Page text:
Diary of Chambermaid



Diary of Chambermaid


by Sherif Awad 
Last week, Deauville Film Festival announced that French director Benoît Jacquot will be jury president for its 41st edition that will take place from the 4th till the 13th of September. The festival that is organized annually in this northwest French city is known to be specialized in showing American films making their European and French premieres and in doing so tends to invite major Hollywood stars maybe more than Cannes festival. 
Jacquot, who was born in Paris, began his career as assistant director in Marguerite Duras films then turned to writing and directing with the 1975 film The Musician Killer, which starred Anna Karina. Till now, he has directed over forty films; the most notable of which to American audiences are La Désenchantée (1990), starring Judith Godrèche, and A Single Girl (1995), starring Virginie Ledoyen. Jacquot’s latest film Diary of a Chambermaid was screened in the main competition of Berlin Film Festival last February before its commercial release across some European countries in the last few months.  The novel by Octave Mirbeau on which the film is based has been filmed several times for cinema and television. This includes a version by Jean Renoir in 1946 and another by Luis Buñuel in 1964. However, each cinematic version had its own ending. 
The new version by Jacquot takes place at the beginning of the 20th century where the young and beautiful Celestine is hired to work as maid for the Lanlaire family. While repelling the advances of Mr. Lanlaire, Celestine also faces the very strict Madame Lanlaire who firmly governs the house. Celestine spends her days running up the stairs and her nights to remember her previous jobs, particularly at the house of the young bourgeois (Vincent Lacoste) who died while trying to make love to her because of his incurable sickness. Joseph, the enigmatic gardener of the Lanlaire property, becomes Celestine’s only friend. When he started to gaining her confidence, he proposes to steal the Lanlaire’s valuable silverware and make it appear like a robbery. Celestine, who dreams of a better future, decides to help him. The two succeed in pulling the fraud off and run away together. This is how Jacquot’s version ends. However, Buñuel’s version had a different ending with Celeste marrying a neighboring ex-officer only to become a bourgeois lady like her former masters. In Renoir’s version, Madame Lanlaire agrees to give Joseph the silverware if he leaves the estate and takes Celestine with him. Georges, the son of Madame Lanlaire whose character is completely omitted in Jacquot’s new version, manages to catch up with them, determined to win Celestine back after falling in love with her. Joseph and Georges fight each other; Joseph is killed. Georges and Celestine go away together.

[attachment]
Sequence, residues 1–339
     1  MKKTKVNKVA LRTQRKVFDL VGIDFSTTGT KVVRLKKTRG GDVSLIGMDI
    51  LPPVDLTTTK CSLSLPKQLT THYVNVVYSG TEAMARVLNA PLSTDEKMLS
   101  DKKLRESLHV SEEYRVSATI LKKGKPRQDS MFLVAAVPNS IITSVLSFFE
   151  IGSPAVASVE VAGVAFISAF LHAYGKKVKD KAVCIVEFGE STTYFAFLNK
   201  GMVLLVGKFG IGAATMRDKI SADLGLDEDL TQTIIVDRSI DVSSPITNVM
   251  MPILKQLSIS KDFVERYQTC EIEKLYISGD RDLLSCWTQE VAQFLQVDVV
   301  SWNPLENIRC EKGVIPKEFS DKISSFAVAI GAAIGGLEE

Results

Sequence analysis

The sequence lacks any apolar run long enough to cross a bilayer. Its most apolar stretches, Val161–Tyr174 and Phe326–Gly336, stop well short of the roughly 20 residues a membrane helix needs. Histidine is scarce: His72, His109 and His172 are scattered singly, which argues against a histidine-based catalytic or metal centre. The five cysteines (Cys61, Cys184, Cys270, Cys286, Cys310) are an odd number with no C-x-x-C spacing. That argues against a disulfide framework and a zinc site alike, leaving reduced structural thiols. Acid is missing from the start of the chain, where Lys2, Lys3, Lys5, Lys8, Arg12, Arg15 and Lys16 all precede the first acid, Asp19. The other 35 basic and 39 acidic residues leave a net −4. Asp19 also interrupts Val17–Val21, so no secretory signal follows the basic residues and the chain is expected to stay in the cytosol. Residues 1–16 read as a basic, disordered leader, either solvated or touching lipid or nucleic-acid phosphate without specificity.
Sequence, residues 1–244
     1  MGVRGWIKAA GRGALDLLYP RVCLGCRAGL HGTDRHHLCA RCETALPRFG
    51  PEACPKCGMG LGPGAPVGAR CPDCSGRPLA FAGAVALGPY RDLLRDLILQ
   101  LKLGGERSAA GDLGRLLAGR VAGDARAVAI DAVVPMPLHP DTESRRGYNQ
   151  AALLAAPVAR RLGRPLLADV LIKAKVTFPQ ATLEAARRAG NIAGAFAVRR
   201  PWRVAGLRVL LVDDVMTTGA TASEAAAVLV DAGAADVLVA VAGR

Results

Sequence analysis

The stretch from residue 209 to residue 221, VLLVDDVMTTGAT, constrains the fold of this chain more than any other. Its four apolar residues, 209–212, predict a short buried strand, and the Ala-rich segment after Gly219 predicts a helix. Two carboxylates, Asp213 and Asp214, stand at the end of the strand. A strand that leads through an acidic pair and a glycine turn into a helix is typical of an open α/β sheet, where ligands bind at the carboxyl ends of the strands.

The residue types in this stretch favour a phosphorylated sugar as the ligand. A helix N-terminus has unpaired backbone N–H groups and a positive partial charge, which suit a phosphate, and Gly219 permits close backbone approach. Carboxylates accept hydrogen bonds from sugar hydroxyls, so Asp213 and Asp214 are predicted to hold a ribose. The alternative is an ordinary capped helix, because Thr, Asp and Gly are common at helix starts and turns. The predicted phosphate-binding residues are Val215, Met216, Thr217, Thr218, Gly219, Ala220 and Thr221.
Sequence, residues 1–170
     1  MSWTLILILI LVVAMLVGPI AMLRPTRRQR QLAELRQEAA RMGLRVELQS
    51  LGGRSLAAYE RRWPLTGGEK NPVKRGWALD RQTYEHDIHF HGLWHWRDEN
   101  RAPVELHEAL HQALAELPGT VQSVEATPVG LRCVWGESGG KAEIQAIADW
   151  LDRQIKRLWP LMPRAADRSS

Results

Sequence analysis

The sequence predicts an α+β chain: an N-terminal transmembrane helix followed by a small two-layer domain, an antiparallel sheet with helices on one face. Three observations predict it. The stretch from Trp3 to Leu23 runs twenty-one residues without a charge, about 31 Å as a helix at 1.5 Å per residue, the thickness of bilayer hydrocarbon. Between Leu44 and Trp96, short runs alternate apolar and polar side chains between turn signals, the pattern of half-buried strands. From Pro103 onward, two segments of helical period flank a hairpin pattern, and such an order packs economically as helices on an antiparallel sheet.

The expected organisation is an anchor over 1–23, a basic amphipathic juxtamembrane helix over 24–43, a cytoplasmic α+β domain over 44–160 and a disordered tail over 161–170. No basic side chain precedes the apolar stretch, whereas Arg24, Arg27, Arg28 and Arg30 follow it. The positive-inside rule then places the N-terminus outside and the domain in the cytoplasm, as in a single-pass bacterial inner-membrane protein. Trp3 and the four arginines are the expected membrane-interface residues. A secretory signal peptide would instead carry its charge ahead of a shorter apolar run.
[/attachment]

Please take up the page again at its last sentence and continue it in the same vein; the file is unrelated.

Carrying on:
In this new adaptation, Jacquot echoes with many current socio-political climate like gender discrimination and domestic abuse while being very faithful to the bulk of the novel. As played by Léa Seydoux who won the Golden Palme in Cannes Festival 2013 for her role in Blue Is the Warmest Color, Celestine is a smart fighter whose fate takes her from one house to the other but finally she decides to have no master. Vincent Lindon,  winner of Best Actor Award in Cannes  Festival 2015 for his role The Measure of a Man,  plays Joseph with mixture of magnetism and calculation like he is hiding monster inside who can exert a violent spell on those who dare getting closer. Both Lindon and Seydoux are regular collaborators with Jacquot who succeed to obtain strong performances out of both them. With Celeste and Joseph getting away with their robbery, we are left o wonder if we should root for Celeste who was looking for her inner and outer freedom or should we hate her for finding such resolution with a partner in crime…